12/05/04 — Woman charged, charity's toys recovered

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Woman charged, charity's toys recovered

By Jack Stephens
Published in News on December 5, 2004 2:07 AM

A new computer system and confidential calls to Goldsboro-Wayne County Crime Stoppers led to Friday's arrest of a woman on a charge of stealing from a Toys for Tots collection box in Goldsboro, police say.

The computer system enabled Goldsboro police to produce photos of the woman and her car that television stations could show to the public. The calls confirmed the woman's identity, police said.

Kimberly Crawford Riveros, 33, of Dunn surrendered to police and was charged with misdemeanor larceny. Her family quickly posted a $1,000 secured bond, and she was released. Her first appearance in District Court is scheduled for Jan. 11.

Police gave this account of what happened:

Ms. Riveros had claimed to be a charity worker Nov. 23 when she went to the Wal-Mart store on North Spence Avenue. She had no identification, and when an employee asked for a supervisor's assistance, Ms. Riveros allegedly scooped up the toys and fled.

The toys included video-game systems, stuffed animals, movie videos, compact discs, a doll and pen sets. Ms. Riveros returned the toys, valued at $702.26. Because the total value was less than $1,000, she could be charged only with a misdemeanor.

Later, police investigated a report of a similar theft from the Kmart store in Goldsboro. But they said the "theft" was actually a misunderstanding among charity workers.

Connie Lashmet, who coordinates the Toys for Tots program in Wayne, Sampson and Duplin counties, said she was overjoyed with the recovery of the toys.

Investigator Dwayne Dean, who led the police inquiry, said he did not know what Ms. Riveros was going to do with the toys. But she said she operated a nonprofit agency from her home, called Have-A-Heart Foundation.

Dean said the crime had captured the public's attention.

"Several other law agencies called and asked us for updates," he said. "There was much outcry from the public about what had happened."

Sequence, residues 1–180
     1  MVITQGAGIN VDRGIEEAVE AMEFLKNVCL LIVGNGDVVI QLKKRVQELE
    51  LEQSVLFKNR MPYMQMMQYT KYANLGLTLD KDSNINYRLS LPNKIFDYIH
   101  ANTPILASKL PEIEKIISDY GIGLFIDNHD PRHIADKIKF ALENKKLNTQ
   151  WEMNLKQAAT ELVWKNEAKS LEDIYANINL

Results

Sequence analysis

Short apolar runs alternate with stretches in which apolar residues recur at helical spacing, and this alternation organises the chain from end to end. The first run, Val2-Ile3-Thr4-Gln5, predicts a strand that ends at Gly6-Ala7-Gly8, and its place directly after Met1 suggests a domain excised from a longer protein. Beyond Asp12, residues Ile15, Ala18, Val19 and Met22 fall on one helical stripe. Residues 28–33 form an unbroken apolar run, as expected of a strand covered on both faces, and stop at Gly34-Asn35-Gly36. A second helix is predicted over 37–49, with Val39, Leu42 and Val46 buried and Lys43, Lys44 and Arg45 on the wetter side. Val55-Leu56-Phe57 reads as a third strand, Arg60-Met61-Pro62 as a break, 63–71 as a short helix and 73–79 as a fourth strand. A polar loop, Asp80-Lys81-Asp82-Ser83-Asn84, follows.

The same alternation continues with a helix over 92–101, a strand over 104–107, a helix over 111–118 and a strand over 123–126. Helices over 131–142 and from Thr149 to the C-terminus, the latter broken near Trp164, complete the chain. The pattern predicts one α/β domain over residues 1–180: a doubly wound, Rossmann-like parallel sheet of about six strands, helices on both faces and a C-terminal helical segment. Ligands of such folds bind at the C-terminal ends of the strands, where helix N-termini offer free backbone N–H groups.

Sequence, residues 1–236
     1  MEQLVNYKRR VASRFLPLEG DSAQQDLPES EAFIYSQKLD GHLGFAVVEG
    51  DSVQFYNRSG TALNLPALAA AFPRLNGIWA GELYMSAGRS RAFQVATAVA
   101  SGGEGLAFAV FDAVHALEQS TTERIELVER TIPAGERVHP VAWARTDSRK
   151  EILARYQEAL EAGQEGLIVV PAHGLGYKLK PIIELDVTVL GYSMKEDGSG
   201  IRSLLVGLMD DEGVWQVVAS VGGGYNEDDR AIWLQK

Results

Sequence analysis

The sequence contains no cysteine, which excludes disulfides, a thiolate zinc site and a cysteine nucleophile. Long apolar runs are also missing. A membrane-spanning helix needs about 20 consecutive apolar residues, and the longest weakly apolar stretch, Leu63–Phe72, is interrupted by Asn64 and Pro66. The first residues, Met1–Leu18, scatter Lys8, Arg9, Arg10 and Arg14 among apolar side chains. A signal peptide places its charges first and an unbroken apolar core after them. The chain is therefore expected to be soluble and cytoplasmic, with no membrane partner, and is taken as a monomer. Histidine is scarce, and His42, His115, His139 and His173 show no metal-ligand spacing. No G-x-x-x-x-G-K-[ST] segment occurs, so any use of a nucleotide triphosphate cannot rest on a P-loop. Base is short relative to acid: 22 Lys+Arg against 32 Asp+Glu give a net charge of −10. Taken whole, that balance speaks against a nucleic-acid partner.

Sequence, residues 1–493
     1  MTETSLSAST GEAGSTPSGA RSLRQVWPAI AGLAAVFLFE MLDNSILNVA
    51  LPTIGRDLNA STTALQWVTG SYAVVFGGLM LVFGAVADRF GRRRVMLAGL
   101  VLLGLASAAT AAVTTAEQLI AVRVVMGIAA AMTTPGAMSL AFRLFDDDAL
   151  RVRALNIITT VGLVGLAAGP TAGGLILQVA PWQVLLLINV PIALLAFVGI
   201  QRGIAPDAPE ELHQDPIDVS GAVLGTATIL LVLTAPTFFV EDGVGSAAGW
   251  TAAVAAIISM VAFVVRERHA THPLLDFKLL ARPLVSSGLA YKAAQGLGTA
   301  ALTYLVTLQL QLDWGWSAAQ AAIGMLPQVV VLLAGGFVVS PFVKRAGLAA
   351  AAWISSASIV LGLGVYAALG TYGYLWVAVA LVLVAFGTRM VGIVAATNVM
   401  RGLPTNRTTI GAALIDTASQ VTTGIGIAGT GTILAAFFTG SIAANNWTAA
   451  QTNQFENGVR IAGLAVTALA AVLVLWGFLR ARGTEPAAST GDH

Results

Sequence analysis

Dean said he felt better because the toys were recovered.

"All will be returned to Toys for Toys and distributed in time for Christmas," he said.

Ms. Lashmet said that when the theft was publicized, the community reacted positively by increasing donations.

"When they saw a bad thing, so many good-hearted people helped out," she said.

Ms. Riveros had said she had been asked by Toys for Tots to pick up the toys, according to Dean. Ms. Lashmet said Ms. Riveros claimed that she was delivering the toys to two men in Newton Grove but the men did not show up and she took them home.

But Ms. Lashmet discounted her story. She said that if the woman had wanted to return the toys, Ms. Lashmet's phone number was on the collection box in Wal-Mart. The call never came.

Ms. Riveros also had been convicted in the 1990s in Wayne County for two counts of forgery and one count of passing a forged check and credit card theft.

The new computer system, called the avid detective system, was bought in the last three or four months. Sgt. David Kelly explained that the system enables police to transfer video evidence in a digital format or on cassettes to a hard drive and then allows detectives to enlarge it and send it out digitally to news organizations.

"It was crucial for us," Kelly said, "to have received the Crime Stoppers information based on the images we provided to the public through the news media."

Police Chief Tim Bell added that "Dwayne Dean and the investigators did an outstanding job on this case; also give credit to citizen involvement and Crime Stoppers."